Nothing like starting your day with a good cry.
I hadn't made up my mind about going to see 1995's "The Bridges of Madison County" at Movieland, but when I woke up in time and saw the sunny day outside, it seemed like the ideal way to get myself up and out of the house.
As expected the crowd at the theater was overwhelmingly female: nine women and one guy and she'd supplied him with sliders, a mega-soda and pizza to keep him there.
What was unexpected was the commercial before the film began.
"An hour from now, your movie will have a plot twist. Don't have the worst seat in the house." Cut to stall door with someone sitting on the toilet. "Go before the show."
Thanks, Charmin, for the reminder.
As for the "Bridges," I'd read the book back in the '90s at a friend's insistence, but I'm not sure I ever saw the movie, so I had no idea Meryl Streep's character would be Italian-born.
I did understand how a woman would be charmed by a man who'd gotten off a train in her hometown knowing no one and simply because it looked pretty.
The kind of man who says, "I was just picking you some flowers. Men still do that, don't they?"
If you're very lucky, yes, they do that.
They also slowdance with you to romantic songs by Johnny Hartman, my favorite jazz singer, although I didn't even know who he was back in 1995.
And they tell you things like, "Don't kid yourself, you're anything but a simple woman," because what woman wants to hear that she's simple?
Men like that quote Yeats. "And when white moths were on the wing and moth-like stars were flickering out." And often.
Most importantly, with absolute conviction, they say, "This kind of certainty comes but just once in a lifetime."
So naturally when they end up unable to be together with him standing across the road looking at her for the last time, the tears come. And come.
I'm not sure if I just needed a good cry or if the story just resonated differently now than it had two decades ago, but I was pulled in completely, right down to nose-blowing and mascara running.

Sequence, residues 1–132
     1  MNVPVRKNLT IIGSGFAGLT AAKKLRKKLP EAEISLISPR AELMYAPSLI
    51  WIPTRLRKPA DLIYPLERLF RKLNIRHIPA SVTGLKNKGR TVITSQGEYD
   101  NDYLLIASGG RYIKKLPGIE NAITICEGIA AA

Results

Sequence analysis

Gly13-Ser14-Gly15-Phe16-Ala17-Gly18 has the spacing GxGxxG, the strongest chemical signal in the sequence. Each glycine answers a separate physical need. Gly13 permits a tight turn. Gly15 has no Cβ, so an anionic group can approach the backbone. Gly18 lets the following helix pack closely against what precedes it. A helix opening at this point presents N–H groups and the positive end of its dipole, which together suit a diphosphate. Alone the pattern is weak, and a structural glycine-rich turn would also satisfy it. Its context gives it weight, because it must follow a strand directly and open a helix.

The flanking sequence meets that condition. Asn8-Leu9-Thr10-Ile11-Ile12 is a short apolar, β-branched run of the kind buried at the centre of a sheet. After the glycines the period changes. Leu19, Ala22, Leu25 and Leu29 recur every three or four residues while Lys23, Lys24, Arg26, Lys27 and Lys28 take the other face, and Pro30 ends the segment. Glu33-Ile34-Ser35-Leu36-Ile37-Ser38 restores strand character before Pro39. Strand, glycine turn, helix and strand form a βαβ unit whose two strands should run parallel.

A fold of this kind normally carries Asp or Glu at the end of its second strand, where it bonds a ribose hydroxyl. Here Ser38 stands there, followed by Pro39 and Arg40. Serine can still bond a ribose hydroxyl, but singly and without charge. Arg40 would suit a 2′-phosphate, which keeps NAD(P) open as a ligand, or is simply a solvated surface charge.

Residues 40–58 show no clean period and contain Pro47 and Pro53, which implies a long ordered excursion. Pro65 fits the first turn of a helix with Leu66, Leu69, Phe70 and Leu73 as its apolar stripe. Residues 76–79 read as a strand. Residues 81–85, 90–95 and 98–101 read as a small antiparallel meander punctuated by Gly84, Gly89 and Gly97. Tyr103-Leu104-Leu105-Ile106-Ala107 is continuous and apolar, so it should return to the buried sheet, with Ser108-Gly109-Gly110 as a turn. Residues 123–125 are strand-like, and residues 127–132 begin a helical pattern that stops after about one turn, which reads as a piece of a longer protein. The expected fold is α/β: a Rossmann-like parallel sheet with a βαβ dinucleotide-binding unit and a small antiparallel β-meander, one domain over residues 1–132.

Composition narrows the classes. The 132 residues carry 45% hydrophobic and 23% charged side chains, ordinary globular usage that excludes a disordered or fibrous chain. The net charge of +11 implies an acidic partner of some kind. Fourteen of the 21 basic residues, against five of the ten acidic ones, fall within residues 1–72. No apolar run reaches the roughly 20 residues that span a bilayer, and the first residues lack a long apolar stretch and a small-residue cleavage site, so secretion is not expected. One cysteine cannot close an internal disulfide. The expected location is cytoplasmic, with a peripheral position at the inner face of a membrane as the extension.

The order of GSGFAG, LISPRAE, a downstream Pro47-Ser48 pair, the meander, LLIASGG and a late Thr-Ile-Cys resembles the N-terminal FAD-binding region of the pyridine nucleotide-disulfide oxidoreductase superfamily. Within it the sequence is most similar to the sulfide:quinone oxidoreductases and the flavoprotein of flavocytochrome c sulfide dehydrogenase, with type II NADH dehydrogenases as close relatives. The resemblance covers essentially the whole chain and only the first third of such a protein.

Let's just say when I left the theater, I was grateful it was a beautiful day and I had all afternoon to take my walk and get over a sad love story.
After shedding a layer and touching up my mascara, I started south toward the river, passing all kinds of joggers and people in shorts.
As I crossed Brown's Island to get to the pipeline walkway, I crossed my fingers that the pipeline wouldn't be underwater as it had been the last couple of times I'd come down to walk it.
Happily, it wasn't and I took it all the way, amazed at the two dozen nests I spied in the heron rookery across the river, three of them adorned by their impossibly long-necked owners.
After scrambling down to the sandy beach to sit and watch guys fish and kids skip rocks, I headed back up the pipeline, eventually getting behind a slow-moving couple.
Suddenly, the guy turned to me and quipped, "Come here often?"
Sure do, regularly even, I told him, inquiring if he did.
Nope, he was a first-timer brought by the woman he was with.
"Oh, do you live there?" he asked, gesturing at the condo building looming over us.
As if. Nope, I live in Jackson Ward, I said, anticipating exactly the reaction I got.
"How long have you lived there?" he asked. Seven and a half years says I.
"Alone?" he inquired with such incredulity I had to ask where he lived.
No surprise, West End. At this point, he finally introduced himself and his companion, also named Karen.
But he wasn't finished grilling me yet.
"Why'd you move to Jackson Ward?" he needed to know. Let's see, central location, arts district, nearby music venues and restaurants. To avoid homogeneous neighborhoods like the one you probably live in.
Turning the conversation to them, I asked what was next for them after the walk. No surprise there, lunch in Carytown.
"Where would you recommend?" he asked, somehow presuming that I knew something about where to eat.
With my two favorite Carytown brunch locations closed today, one due to fire and one due to the business of corporate sports, I tried steering him to J-Ward instead.
"What about the place on the corner where I had some great shrimp and grits?" he said, eager to show he knew a little something about the 'hood.
Croaker's Spot moved to southside a good five or more years ago, sir. May I suggest Lucy's or Mama J's instead?
By this time, his Karen was glowering at me so I politely excused myself so they could get on with their afternoon.
Oddly enough, Karen did not seem the least bit sorry to see me go.
Coming up the hill from the river, I saw the same bagpipe player I'd seen on Brown's Island last month, only this time he was under a shady tree at 2 Street and Byrd, his bike and backpack at his feet, playing to the hills.
He was kind enough to turn and play uphill as I walked by so I got to hear his music for another block before losing it to the breeze.
Though I am old with wandering
Through hollow lands and hilly lands
I will find out where she has gone
And kiss her lips and take her hands
Nothing like ending your afternoon with the sound of bagpipes in your ears and Yeats in your head.